Wednesday, 8 February 2012

The Eighth Art


The Eighth Art: Twenty-three Views of Television Today. Pp. xiv, 269. New York: Holt, Rinehart, and Winston, 1962. $5.00.

This volume publishes "twenty-three views of television today" commissioned by the Columbia Broadcasting System (CBS) for a planned quarterly of opinion. When the Academy of Television Arts and Sciences began TV Quarterly in 1961, the project appeared redundant. The titular editor, the superlative television critic and writer producer, Robert Lewis Shayon,seems to have experienced some difficulty in performing his role as introducer, as the articles constitute in his judgment neither an anthology nor a "symposium, aspiring to be an organized or comprehensive collection of opinion on the subject of television. They are an authoritative miscellany of information, inside revelation, technique analysis, reportage, evaluation, and opinion" a mixed bag, indeed. Nor should Mr. Shayon be blamed for the pretentious title: why not, with equal justification, "The Eighth Wonder of the World," or perhaps, "The Eighth Capital Sin"? Nor is the book-jacket blurb "like the medium it dissects, entertaining, eye-opening, and endlessly exciting" any more helpful in describing either the medium or the book.

Perhaps it is graceless to be severe on the remains of so nobly conceived an enterprise, for should we not encourage a commercial network when it "disinterestedly" provides a format for criticismof itself? We should, but only if we are fully aware that such generous gestures are seriously affected by their = conception as public-relations gestures. Like the Ben Shahn brochures sent to mailing lists of "opinion leaders" on the eve of important telecasts, the form of the announcements is usually better than the content of the programs. Similarly, I have found to my growing consternation that the hundreds of copies of Joseph Klapper's excellent The Effects of Mass Communication distributed gratis by CBS are either unread or used chiefly as an "intellectually respectable" way of countering serious criticism of the medium by invoking Klapper's meticulously responsible exegesis of multiple causation. Still, the CBS tradition of honest thought, started long ago by its social psychologist, Ph.D. president, is too important to dismiss because it can be abused. In fact, even the weaknesses of this book are so symptomatic of the parochial ideology of television's creators that a careful consideration of it should be a prolegomenon to any future metaphysics of the medium.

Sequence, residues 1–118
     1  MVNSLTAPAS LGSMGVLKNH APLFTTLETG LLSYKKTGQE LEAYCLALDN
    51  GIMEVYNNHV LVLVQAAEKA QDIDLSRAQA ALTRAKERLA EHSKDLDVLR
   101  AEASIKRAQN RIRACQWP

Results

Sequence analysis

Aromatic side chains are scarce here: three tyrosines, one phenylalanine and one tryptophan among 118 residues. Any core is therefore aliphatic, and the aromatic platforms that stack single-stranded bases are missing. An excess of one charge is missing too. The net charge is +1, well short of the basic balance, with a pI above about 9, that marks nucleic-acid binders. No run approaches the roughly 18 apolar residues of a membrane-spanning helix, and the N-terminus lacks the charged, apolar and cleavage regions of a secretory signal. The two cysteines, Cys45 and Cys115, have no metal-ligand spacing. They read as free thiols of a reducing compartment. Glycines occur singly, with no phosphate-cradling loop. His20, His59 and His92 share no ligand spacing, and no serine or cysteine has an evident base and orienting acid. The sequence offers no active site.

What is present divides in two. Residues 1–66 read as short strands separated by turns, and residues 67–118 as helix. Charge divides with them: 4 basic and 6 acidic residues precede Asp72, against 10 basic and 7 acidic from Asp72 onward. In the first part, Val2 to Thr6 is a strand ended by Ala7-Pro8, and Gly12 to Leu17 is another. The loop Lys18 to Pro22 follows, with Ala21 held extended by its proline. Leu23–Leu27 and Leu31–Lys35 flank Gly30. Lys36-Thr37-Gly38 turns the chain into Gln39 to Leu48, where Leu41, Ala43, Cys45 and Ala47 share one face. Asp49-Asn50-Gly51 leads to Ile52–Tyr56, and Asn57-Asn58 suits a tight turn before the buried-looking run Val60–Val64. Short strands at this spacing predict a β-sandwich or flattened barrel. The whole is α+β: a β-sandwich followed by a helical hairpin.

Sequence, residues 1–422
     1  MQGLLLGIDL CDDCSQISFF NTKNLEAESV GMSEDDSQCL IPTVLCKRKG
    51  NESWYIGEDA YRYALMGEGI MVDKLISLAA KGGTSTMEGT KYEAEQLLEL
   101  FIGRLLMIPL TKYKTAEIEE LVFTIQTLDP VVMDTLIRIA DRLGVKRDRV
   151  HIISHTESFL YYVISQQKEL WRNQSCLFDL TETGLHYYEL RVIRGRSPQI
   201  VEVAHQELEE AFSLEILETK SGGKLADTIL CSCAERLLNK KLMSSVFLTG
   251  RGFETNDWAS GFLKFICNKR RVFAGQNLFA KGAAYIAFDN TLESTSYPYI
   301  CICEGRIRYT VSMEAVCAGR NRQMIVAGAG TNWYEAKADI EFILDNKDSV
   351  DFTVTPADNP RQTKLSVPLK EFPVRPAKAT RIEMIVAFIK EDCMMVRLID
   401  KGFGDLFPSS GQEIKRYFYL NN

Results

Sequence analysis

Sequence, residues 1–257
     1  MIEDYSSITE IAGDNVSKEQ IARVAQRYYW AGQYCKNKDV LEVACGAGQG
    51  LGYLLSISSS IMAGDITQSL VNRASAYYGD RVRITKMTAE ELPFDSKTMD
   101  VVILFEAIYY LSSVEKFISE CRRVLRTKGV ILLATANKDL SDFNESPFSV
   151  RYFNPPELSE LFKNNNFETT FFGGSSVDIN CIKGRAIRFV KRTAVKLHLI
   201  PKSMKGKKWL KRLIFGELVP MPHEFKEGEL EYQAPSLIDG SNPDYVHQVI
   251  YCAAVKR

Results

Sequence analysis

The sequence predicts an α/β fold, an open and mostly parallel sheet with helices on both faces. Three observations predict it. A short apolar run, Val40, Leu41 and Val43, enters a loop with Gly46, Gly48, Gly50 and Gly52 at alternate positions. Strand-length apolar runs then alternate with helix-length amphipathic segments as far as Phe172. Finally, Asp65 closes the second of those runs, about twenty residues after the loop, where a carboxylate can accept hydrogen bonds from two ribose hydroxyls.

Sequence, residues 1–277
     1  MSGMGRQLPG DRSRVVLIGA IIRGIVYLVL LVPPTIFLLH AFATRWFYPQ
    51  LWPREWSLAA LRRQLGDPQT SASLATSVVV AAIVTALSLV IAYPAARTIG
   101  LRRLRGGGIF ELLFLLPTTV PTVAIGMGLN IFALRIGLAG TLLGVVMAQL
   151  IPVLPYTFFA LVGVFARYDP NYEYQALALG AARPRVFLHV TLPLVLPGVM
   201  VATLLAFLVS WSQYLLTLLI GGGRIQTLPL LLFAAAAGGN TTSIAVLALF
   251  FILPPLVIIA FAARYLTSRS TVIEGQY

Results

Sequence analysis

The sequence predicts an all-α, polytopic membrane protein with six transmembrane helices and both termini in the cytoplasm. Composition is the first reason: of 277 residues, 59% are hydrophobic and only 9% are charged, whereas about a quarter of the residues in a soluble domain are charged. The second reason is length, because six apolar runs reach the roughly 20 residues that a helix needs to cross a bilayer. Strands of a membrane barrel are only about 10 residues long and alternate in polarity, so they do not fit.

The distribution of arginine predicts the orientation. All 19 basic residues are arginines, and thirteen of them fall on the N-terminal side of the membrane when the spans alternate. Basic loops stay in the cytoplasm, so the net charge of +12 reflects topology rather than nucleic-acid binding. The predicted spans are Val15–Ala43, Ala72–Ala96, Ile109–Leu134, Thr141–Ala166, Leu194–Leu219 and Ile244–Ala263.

Cawston's "Television A World Picture" immediately destroys the provincial American notion that our system of broadcasting is the way God had it planned on His Drawing Board. It might also make us worry about the ultimate effects of our entertainment programing exports in under-developed areas that cannot afford to be as frivolous as we think we can. Rosten's reworking of his Daedalus piece on why not to expect too mucli from the audience clears the air in a useful way; one wishes he would now finally move on to use his lucid intelligence on the medium of television, in the way that he has, for example, brilliantly developed a new style of art criticism for Look.

Stravinsky's comments ought to be required reading for Leonard Bernstein: "Other than the possible development of a new musico-dramatic form, musical life on television does not interest me. A televised concert is a bore. One sees the timpani and the trombone and the oboe individually as these instruments are played. One watches the players breathe and moisten their embouchures. But seeing a musician play, in this way, distracts from listening to the whole ensemble." And CBS ought to ask itself why it stretched Stravinsky's half-hour composition, "Noah and the Flood," into an hour-long "saleable" musical disaster. And A. E. Hotchner's embarrassingly "inside Hemingway" piece on adaptations makes one, reluctantly, prefer originals even if from the film factories of Warner Brothers.

Walter Cronkite's anecdote about the live cameras covering Gromyko's "dramatic exit" from the Japanese Peace Treaty Meetings in 1951 into the men's room should end for a time the esthetically vacuous myths of live television as the truth and reality medium. Its vaunted coverage of history in the making coronations, Olympics, presidential debates, space shoots is not helping the people understand events. It is turning the world's changes into spectacles. What television needs, and what these articles signally fail to provide, is systematic analysis of the unfinished business of the country and an equally detailed examination of television's formal qualities to facilitate our meeting this agenda. Lawrence Laurent's analysis of what a television critic needs to know and do is a good example of the former; Gilbert Seldes' tantalizingly undeveloped sketch of how television first tried to create its own esthetic is a beginning of the latter. What we definitely do not need more of is the free-floating moral anxiety represented by Mannes, Hadas, Siepmann, and Montagu.

Let the head-wringers address themselves to a specific problem of content or a specific question of form. Big Thinking leads nowhere but to an unearned sense of moral superiority on the part of the critics. Revere's excellent piece on "Television in Courts and Legislatures" also reminds us that sensible policy talk on the medium need not come from paid box-watchers at all. The most ironic omission is an almost total lack of discussion of the commercial dilemmas of the medium. That is basically the misgiving with which this reviewer began.

Beaver College

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